Every day should be Earth Day, of course, but once upon a time, a group of concerned citizens coordinated its very first occasion. Earth Day began on April 22, 1970, with schools across the United States hosting concurrent teach-ins to protest practices polluting natural resources. It’s apropos, then, that my lifelong respect for the environment grew out of my own classroom experiences.
Roll the dice! Deal the cards! It’s time to welcome you to Game Time!, the newest exhibit at the National Museum of Play at The Strong. Game Time! explores the stories behind the non-electronic games that have played an important part in American life and culture over the past three centuries.
Spring has brought the annual influx of chocolate bunnies into my supermarket. And April’s sunnier days with longer daylight have sent my neighborhood’s rabbits onto a quest for sprouting greenery to munch. With hares seemingly everywhere, I’ve also started noticing all the rabbits in The Strong’s collection.
The Brian Sutton-Smith Library and Archives of Play is a treasure trove of materials devoted to the intellectual, social, and cultural history of play. The library’s collection of more than 140,000 resources—books, periodicals, comic books, audio-visual materials—include more than 18,000 trade catalogs, the majority of which are focused on the toy, game, and recreation industries.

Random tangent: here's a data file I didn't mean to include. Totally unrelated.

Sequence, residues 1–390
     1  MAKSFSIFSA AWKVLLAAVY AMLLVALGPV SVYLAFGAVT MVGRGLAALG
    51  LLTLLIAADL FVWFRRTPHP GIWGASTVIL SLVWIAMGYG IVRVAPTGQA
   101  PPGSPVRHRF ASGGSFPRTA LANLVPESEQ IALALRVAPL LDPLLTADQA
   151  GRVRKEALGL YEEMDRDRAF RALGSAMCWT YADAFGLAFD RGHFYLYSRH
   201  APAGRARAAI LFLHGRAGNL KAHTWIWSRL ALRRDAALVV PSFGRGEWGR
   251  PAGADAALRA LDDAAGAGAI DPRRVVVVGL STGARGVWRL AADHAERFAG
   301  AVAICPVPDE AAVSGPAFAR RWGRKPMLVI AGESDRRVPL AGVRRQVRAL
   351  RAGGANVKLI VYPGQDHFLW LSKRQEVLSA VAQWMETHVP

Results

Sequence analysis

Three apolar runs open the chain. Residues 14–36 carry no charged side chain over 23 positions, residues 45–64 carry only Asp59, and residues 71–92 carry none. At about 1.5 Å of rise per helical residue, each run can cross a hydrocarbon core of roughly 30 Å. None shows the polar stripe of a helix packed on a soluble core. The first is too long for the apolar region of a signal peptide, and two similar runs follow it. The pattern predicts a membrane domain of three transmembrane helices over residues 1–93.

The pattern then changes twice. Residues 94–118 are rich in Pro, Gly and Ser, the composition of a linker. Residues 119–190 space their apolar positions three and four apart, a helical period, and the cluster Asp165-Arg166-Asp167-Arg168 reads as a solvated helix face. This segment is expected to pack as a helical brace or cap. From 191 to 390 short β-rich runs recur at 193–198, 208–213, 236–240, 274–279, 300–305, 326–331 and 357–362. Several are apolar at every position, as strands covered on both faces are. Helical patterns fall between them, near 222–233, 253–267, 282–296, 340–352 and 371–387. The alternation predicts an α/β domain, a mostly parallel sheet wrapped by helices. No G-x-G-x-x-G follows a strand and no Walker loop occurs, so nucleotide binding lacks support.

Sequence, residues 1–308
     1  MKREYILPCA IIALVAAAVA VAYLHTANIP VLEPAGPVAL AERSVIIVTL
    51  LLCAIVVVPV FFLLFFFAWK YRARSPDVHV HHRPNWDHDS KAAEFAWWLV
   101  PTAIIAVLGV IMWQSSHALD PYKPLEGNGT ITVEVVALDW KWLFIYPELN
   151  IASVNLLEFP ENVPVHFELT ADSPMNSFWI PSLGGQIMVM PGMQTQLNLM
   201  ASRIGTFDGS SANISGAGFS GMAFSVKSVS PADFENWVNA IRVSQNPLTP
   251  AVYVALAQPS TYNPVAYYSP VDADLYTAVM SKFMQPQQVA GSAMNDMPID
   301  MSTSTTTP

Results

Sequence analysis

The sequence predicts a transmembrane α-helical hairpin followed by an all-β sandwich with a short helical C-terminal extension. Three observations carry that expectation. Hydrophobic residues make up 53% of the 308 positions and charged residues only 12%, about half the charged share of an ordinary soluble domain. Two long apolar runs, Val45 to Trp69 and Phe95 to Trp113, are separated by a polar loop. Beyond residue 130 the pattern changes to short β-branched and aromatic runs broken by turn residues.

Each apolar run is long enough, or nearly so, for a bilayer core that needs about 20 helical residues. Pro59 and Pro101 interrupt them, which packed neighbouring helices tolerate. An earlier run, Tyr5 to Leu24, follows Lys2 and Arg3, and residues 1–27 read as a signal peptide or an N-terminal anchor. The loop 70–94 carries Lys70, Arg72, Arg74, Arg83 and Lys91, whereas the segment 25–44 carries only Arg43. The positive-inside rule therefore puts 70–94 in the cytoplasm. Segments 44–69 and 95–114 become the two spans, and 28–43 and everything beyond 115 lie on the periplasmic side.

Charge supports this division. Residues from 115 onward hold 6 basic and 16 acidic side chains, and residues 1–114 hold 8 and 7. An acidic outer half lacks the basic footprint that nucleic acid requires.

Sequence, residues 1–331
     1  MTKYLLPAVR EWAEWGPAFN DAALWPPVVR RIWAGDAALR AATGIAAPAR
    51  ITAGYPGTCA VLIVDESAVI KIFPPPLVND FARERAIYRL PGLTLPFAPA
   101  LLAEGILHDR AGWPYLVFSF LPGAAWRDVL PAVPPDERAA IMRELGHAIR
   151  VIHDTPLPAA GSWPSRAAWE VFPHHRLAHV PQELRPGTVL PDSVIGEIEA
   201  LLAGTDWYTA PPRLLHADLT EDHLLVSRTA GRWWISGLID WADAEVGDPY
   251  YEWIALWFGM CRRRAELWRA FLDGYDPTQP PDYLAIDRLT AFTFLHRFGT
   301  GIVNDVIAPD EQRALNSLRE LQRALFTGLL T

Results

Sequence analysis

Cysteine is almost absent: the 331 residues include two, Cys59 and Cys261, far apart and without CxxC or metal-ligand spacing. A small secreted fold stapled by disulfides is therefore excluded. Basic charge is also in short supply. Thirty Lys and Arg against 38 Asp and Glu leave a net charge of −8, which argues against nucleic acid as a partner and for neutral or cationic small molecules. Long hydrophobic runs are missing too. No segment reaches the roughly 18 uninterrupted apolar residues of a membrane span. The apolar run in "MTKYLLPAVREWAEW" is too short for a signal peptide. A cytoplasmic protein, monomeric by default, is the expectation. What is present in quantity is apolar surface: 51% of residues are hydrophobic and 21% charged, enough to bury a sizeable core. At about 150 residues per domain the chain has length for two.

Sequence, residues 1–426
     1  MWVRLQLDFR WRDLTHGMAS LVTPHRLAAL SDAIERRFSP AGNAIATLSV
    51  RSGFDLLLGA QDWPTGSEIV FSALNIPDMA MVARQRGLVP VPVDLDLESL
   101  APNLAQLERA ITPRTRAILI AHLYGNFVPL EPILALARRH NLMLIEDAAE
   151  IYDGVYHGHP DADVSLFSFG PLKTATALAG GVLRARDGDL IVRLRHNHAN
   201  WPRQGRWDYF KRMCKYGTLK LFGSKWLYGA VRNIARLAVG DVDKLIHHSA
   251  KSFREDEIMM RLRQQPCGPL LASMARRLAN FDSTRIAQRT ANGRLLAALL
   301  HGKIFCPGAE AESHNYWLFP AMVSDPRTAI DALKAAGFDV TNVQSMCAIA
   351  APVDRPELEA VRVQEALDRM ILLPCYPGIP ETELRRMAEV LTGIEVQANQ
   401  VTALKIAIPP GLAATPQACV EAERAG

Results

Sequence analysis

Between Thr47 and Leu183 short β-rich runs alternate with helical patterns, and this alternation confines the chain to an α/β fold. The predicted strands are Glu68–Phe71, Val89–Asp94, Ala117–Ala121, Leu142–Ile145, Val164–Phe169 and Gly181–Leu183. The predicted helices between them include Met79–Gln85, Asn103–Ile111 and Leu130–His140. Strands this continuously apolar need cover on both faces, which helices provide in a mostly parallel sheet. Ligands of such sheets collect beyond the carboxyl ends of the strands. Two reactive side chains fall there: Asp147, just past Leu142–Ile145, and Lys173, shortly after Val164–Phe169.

Cinderella has a long history of influencing popular culture and playthings. You might even say that she’s left a big footprint. The popular princess and her glass slipper came to my attention recently as I read an article about the upcoming Broadway revival of Rodgers and Hammerstein’s musical Cinderella. The article focused on the creation of glass slippers—actually polyvinyl-chloride pumps bedecked with 10,000 Swarovski crystals—for the show.
Few things beat a good party game for putting people at ease—be they best friends or acquaintances at best. I attended a baby shower whose host displayed a platter of adorable infant-related items and instructed us to commit them to memory. After Jackie and her tray left the room, her mother-in-law distributed pencils and paper. However, instead of asking us to list the contents of the tray—which I’d been repeating under my breath—she asked us, “What was Jackie wearing?” Oops. We sighed and chattered and maybe (or not) remembered those brown Mary Janes.
The presents have been unwrapped, the new year celebrated, and the holiday treats devoured. Now what? For many folks, the post-holiday season appears bleak, with only frigid weather and sunless days stretching out over the weeks ahead. But for some, the fun has only begun. If you’re an avid skier, snowboarder, or snowmobiler, you’ve just started enjoying the season and delighting in fresh white blankets of snow. Perhaps you’ve even pulled out your snowshoes or the old Sno Bronco.
Allow me to introduce you to an elite group of which I am not a member: serious gamers. Yes, I’ve been known to play the occasional game of Scrabble, and in my youth I devoted a week one summer to playing Monopoly with a cousin. Add in a few random games of Checkers, Parcheesi, and Go Fish, and that about covers it. So when I say “serious gamer,” I’m referring to someone like the extraordinary Sid Sackson.